Part of the fun and part of the agony of my job is that tech companies often offer to show me something cool several weeks before they go public with it, under the condition that I keep my lips zipped until The Big Day.
The latter half is the agony part. Sometimes, anyway. Because I get the briefing and then I find myself sitting on something so gorgeously bizarre that I can’t wait to talk about it.
But a promise is a promise.
Still, I felt that there was no harm in posting a certain JPEG to my Flickr account:
…described only as a piece of Mystery Art for an upcoming project. No harm done…though some part of me worried that people would be able to figure out what this was for. There are a couple of telltale…well, tells. It’s obvious if you’re familiar with the product in question.
Well, today the NDA is over and done with and I can tell you what this piece of artwork is for. But why tell you, when through the miracle of the fine work of the Joint Photographic Experts Group?
Yes, the fine makers of the Flip Mino pocket digital video camera have added a new twist: if you order online, you can now customize your Flip at no extra charge. Pick from a library of hundreds of stock images, use their online pattern and texture generator…or just upload a JPEG.
Which, naturally, was what drew my immediate interest. It’s not revolutionary, it’s not a game-changer, it doesn’t an anything-killer. It’s a completely unnecessary. And of course, under the skin it’s the same Flip Mino, with the same limitations.
But it’s coooooolllllll.
Flip sent me a coupon code so that I could try it out for myself. I loaded up my Flickr album of Good Photos, and hastily eyed the shot of Peter Cohen’s Apple hair. But my hand was soon stayed. This is a video camera. A camera which I can customize with any image. Was a dude with an Apple logo spray-painted into his hair really the best choice?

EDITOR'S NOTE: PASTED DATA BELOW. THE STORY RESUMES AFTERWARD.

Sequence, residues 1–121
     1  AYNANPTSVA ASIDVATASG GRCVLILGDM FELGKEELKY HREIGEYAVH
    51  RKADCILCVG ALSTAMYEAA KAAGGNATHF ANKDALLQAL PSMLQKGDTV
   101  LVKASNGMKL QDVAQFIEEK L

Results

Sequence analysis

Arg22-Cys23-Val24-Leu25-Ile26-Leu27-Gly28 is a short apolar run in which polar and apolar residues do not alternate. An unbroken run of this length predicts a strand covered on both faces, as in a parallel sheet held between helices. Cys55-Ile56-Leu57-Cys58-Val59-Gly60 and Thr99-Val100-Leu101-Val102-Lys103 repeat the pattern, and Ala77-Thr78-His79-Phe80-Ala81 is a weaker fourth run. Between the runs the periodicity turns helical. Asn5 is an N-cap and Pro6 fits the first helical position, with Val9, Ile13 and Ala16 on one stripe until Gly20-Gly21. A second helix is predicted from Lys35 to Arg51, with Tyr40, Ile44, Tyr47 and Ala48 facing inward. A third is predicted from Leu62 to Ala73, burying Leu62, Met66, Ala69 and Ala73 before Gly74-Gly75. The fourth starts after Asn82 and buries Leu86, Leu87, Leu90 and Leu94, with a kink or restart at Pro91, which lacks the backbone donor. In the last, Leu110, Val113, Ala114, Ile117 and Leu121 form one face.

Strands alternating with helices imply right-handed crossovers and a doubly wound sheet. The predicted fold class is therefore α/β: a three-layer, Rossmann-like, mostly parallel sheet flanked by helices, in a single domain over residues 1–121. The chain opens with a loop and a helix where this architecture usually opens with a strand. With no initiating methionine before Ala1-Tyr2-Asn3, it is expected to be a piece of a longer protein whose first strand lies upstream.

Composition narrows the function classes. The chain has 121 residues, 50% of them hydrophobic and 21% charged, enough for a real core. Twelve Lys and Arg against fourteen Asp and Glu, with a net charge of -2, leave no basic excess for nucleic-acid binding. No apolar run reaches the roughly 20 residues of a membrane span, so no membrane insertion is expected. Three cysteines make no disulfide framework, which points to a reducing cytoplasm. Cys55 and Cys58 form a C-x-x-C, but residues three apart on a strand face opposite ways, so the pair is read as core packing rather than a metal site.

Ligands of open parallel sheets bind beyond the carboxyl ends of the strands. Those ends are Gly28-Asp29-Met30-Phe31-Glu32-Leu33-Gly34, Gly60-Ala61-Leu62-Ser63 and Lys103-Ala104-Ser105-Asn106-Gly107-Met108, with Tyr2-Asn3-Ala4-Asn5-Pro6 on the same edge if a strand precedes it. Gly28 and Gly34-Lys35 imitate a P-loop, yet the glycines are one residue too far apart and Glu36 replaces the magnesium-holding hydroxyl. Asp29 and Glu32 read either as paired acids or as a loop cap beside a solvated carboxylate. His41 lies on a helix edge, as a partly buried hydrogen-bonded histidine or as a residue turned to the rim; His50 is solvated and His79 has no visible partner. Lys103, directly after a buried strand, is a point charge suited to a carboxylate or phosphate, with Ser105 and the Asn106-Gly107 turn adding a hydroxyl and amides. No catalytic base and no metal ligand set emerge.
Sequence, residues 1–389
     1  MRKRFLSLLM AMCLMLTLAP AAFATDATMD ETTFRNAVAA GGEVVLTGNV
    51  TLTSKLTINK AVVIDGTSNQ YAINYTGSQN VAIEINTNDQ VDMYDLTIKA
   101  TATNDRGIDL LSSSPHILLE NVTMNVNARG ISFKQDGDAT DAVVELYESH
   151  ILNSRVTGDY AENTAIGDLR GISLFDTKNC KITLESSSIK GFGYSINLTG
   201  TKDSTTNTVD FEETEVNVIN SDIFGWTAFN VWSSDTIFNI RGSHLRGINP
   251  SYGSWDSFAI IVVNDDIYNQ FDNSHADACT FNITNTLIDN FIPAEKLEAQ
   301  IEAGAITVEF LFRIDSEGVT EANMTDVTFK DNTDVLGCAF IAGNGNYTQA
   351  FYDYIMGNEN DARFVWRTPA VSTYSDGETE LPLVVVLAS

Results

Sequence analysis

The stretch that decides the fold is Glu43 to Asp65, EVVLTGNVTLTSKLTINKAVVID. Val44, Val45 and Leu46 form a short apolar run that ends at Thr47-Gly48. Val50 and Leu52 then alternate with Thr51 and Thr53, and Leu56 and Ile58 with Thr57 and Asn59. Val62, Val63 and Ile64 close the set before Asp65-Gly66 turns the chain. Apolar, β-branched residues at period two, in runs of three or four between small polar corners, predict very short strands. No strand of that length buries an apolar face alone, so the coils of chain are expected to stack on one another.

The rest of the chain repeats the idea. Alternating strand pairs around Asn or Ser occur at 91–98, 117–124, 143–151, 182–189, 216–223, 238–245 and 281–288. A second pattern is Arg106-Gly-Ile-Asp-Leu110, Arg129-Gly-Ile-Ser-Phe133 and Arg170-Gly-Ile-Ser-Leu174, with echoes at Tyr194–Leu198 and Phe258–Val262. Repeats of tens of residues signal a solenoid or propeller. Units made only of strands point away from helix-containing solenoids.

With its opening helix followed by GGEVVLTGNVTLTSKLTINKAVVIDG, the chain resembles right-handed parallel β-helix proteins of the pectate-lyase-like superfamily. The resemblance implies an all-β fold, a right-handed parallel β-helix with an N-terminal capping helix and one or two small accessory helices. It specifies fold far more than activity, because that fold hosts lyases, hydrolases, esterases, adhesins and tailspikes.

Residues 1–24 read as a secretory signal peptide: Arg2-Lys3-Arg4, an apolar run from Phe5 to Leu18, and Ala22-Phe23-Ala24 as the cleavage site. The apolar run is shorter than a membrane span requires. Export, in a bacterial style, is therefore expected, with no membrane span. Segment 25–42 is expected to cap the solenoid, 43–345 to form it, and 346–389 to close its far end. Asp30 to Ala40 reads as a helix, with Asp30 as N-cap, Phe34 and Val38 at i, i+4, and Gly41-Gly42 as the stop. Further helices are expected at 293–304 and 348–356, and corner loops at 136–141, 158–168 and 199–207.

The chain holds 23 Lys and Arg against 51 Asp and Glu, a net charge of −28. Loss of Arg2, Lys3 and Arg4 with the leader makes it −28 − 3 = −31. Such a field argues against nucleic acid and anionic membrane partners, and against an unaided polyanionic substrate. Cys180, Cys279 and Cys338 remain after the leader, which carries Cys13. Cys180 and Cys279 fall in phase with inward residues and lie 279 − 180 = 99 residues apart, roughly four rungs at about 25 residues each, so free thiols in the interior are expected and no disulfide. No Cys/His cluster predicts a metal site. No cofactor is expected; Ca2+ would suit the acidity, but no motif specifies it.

No, no. Why, this was an opportunity to produce a Flip Mino that truly benefitted Humanity. I’ve always thought little video cameras like these should come with a warning label that could be seen by anybody facing the lens. I suddenly had the power to make that dream a reality:
But as soon as I got the idea of owning an (un)official Martin Scorsese Flip Mino, an alarming percentage of my CPU’s duty cycles were irrevocably committed to the project.
Of course, the front face of a Flip Mino is not exactly a forgiving medium. I found out after I made a Photoshop template and struggled to come up with a working image. It’s that damned lens. No matter where I put Scorsese’s portrait, the lens-hole chewed through half his face and made him look like the T-1000 Terminator just after he’d been shotgunned. Either you already happen to have a picture in which all of the content is crowded into the bottom two-thirds of the image, or else you need to design something in two “sections,” as it were.
After a quick tour through my DVD collection, a session of screenshotting the opening titles from “Casino,” and an extended session of fidgeting, I had it. And a few days after uploading the JPEG into Flip’s online tool, I had the actual “it.”
It came out great. The colors are screen-perfect and I’m especially impressed with how accurately the real thing matches the online mockup:
So I now have a one-of-a-kind, limited-edition and completely unauthorized Martin Scorsese video camera. It’s so cool that I kind of don’t even want to use it, for fear of scratching it up.
Besides, it’s sort of a shame to use a Martin Scorsese Digital Camcorder without a special Thelma Schoonmaker-themed edition of iMovie, isn’t it?